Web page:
Technology adoption and gender-inclusive entrepreneurship education and training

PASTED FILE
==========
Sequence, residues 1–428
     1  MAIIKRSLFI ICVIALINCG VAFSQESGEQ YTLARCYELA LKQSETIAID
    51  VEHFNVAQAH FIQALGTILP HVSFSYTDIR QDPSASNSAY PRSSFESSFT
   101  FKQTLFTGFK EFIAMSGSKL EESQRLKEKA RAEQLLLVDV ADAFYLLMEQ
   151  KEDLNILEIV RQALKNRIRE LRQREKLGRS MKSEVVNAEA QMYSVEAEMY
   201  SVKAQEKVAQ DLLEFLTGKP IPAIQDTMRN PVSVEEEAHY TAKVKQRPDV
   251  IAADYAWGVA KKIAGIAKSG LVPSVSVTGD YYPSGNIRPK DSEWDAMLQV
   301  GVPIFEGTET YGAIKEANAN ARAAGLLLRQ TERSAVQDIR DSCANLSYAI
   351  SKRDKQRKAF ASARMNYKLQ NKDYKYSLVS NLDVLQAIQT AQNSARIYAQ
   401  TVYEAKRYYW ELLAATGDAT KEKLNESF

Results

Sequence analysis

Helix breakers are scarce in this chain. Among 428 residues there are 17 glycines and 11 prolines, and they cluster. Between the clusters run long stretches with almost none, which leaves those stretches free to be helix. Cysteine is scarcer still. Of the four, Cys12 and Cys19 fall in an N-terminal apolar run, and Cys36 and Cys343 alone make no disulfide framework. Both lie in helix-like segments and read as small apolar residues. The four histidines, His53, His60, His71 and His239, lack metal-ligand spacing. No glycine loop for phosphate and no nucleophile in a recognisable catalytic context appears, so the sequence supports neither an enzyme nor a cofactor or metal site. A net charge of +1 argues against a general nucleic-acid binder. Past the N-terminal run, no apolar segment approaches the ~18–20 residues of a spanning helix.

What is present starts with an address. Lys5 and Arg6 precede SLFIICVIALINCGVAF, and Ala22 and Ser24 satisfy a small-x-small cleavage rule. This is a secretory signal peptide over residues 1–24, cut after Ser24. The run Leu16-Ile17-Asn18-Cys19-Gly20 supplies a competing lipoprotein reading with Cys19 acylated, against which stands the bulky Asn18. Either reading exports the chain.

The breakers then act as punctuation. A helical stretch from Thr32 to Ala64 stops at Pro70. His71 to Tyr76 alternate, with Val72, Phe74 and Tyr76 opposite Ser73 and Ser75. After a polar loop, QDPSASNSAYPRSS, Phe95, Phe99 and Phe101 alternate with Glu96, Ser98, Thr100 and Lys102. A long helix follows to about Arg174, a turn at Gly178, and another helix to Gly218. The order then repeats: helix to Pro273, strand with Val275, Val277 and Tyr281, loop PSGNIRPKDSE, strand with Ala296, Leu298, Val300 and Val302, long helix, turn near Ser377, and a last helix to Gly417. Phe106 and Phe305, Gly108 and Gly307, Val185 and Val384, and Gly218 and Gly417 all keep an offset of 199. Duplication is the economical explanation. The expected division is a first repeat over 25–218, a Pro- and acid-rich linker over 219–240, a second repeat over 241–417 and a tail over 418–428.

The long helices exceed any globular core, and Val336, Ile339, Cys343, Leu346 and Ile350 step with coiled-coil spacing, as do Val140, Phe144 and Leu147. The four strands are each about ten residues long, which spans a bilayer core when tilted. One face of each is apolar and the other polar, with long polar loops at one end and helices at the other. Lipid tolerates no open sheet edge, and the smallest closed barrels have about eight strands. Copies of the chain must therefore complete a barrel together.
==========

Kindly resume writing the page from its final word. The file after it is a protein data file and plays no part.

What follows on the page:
Purpose: Drawing on social feminist theory, this paper aims to close gaps between knowledge about gender-related barriers to information, communication and technology (ICT) adoption and the provision of entrepreneurship education and training (EET) programs. Design/methodology/approach: Empirical findings are drawn from 21 semi-structured interviews (22 informants) possessing differing training expertise regarding digital technology among women entrepreneurs. An open-coding technique was adopted where descriptive codes were first assigned to meaningful statements. Interpretive and pattern codes were then assigned to indicate common themes and patterns, which were reduced to higher-order categories to inform the research questions. Findings: The findings specify and validate further gender influences in the digital economy. Digital skills are identified, and strategies to close gender barriers to ICT adoption with EET are described. The findings are discussed in reference to a large-scale, Canadian ICT adoption program. Research limitations/implications: Perceptual data may be idiosyncratic to the sample. The work did not control for type of technology. Gender influences may differ by type of technology. Practical implications: Findings can be used to construct gender-inclusive ICT supports and inform ICT adoption policies. This includes program eligibility and evaluation criteria to measure the socio-economic impacts. Originality/value: The study is among the first to examine the intersection between knowledge about gender-related barriers to ICT adoption and EET. The findings can be adopted to ICT support programs targeted at small business owners and entrepreneurs.